New President & Senate Polling from Seven Battleground States

Public Policy has surveyed the presidential and Senate races in seven battleground states. Nothing dramatically out of line with the existing averages for these races was found. Visit our Recent 2016 Election Polls page to link to the individual details.

President

All seven states came surveyed were somewhat to highly competitive, with the largest margins a Clinton lead of 7 in Wisconsin and a Trump lead of 6 in Missouri. Other than New Hampshire, where Clinton's average lead is 10.5%, none of these results were more than 2-3 points from the polling average in each state.

This set of polls yielded no change to the electoral map based on polls, where Clinton leads 262-145, with 131 states polling within 5 points or less.

Senate

Senate races were a bit more spread out, ranging from a Republican lead of 9 in Ohio to a Democratic lead of 7 in Wisconsin. Arizona was exactly tied. The Ohio number also stands out when comparing to the presidential race there. Donald Trump is running 13 points behind the Republican incumbent Senator, a much greater spread than in any of the other states surveyed. The tightness of the race in Arizona is the largest deviation from polling average, where McCain leads by 6.5%.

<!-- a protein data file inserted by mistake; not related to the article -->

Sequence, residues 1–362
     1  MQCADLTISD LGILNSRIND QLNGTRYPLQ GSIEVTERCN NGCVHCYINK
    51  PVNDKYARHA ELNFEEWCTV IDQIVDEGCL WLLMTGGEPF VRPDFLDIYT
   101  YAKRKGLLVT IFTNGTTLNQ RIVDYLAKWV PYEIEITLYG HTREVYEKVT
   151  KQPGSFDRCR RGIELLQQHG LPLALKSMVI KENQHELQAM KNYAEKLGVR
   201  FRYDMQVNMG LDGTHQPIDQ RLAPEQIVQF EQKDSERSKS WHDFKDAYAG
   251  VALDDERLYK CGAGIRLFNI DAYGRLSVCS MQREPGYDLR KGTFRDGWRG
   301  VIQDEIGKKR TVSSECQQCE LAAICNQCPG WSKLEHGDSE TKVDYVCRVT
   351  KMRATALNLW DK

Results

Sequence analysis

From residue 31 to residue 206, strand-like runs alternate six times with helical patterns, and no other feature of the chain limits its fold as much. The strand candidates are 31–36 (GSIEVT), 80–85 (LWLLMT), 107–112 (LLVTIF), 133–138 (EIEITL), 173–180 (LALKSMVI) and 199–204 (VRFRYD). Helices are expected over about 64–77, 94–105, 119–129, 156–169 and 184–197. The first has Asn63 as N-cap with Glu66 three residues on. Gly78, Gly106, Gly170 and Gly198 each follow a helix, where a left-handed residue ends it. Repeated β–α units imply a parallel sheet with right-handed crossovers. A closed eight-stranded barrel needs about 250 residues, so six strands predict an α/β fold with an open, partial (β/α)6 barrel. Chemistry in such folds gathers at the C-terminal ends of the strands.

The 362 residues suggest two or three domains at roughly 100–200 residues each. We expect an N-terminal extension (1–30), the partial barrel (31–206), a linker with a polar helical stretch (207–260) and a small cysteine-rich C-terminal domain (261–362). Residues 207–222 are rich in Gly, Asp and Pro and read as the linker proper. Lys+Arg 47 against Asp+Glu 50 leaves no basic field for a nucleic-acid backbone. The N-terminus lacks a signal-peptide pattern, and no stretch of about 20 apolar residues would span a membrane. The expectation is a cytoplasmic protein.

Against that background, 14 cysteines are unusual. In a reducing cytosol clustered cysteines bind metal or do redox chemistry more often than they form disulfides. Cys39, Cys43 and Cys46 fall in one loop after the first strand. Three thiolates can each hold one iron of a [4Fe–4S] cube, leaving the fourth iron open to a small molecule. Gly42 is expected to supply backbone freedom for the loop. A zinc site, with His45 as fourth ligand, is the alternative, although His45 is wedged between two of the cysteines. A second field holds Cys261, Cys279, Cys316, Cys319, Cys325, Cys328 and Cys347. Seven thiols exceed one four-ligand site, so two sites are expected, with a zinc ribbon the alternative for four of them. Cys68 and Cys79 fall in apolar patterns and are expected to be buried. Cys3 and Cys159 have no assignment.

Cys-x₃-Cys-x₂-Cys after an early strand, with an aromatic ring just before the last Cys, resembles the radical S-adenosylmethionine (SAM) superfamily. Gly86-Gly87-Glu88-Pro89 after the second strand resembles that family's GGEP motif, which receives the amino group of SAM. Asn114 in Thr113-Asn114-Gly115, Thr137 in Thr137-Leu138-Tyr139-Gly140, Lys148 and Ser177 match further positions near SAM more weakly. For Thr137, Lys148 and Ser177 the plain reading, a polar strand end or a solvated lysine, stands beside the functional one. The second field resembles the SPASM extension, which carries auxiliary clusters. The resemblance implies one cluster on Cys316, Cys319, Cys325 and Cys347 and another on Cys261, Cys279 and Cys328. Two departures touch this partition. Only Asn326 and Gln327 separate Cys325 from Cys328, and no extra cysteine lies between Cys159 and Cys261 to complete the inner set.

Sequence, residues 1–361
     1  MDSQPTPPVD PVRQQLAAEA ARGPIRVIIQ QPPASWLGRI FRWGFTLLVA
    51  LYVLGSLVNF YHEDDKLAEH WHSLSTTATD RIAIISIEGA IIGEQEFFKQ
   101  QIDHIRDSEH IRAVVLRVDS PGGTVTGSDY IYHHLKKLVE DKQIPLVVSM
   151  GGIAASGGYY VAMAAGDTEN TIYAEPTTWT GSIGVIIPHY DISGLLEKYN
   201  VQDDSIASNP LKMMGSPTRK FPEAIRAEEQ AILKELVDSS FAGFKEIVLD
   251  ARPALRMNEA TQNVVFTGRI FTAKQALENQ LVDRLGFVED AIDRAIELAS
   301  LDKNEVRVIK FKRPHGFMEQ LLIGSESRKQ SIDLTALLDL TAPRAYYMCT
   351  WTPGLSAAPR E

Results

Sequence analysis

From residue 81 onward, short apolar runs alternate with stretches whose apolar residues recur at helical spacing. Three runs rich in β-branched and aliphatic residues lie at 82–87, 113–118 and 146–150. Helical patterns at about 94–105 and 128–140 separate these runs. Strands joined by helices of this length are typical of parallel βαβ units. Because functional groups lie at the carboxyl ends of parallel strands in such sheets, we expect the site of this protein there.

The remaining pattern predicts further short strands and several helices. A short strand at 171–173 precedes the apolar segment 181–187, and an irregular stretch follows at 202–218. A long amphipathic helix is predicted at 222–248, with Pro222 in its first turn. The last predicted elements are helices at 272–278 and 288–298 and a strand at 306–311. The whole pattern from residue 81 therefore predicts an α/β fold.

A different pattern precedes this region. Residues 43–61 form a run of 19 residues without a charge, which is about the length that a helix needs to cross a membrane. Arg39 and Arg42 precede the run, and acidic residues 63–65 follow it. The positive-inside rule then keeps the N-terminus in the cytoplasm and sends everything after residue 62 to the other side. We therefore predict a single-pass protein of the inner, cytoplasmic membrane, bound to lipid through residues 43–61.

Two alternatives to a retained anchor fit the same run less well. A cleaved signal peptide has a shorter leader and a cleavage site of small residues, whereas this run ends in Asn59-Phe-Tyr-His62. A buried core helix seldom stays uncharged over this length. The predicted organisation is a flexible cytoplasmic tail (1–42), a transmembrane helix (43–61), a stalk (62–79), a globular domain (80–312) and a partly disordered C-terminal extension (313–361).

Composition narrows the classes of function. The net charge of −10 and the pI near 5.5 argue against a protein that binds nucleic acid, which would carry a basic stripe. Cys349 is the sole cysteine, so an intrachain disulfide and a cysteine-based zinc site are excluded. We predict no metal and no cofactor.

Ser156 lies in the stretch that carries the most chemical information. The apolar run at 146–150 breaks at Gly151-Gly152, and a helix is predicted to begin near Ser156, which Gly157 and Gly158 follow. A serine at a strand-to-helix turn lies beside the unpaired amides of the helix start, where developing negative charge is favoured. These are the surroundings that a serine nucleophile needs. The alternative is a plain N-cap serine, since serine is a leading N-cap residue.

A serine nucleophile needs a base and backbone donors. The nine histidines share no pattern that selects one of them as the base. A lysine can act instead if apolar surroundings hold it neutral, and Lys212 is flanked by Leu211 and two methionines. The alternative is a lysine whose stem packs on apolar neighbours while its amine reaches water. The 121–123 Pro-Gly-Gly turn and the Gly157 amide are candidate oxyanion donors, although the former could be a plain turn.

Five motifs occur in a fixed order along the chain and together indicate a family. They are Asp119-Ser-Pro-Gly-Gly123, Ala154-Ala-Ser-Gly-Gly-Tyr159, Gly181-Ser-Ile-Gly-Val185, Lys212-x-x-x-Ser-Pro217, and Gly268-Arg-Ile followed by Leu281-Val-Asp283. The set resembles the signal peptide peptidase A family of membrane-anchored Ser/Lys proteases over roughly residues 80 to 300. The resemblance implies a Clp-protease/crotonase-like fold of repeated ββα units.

comments powered by Disqus

Headlines

New York Republican Rep. John Katko Will Retire

Katko, in his 4th term, was one of 10 House Republicans to vote to impeach Donald Trump

Ohio Supreme Court Invalidates State's New Congressional Map

The GOP controlled legislature has been ordered to create a map not dictated by partisan considerations

Indiana Republican Rep. Trey Hollingsworth Not Running for Reelection

He is in his third term representing a safely Republican district in the southern part of the state

Overview and Live Results: First Elections of 2022

A longstanding Congressional vacancy in a safely Democratic seat will be filled Tuesday

Colorado Democratic Rep. Ed Perlmutter Won't Run for Reelection

Completing his 8th term, Perlmutter is the 26th Democrat to retire or seek another office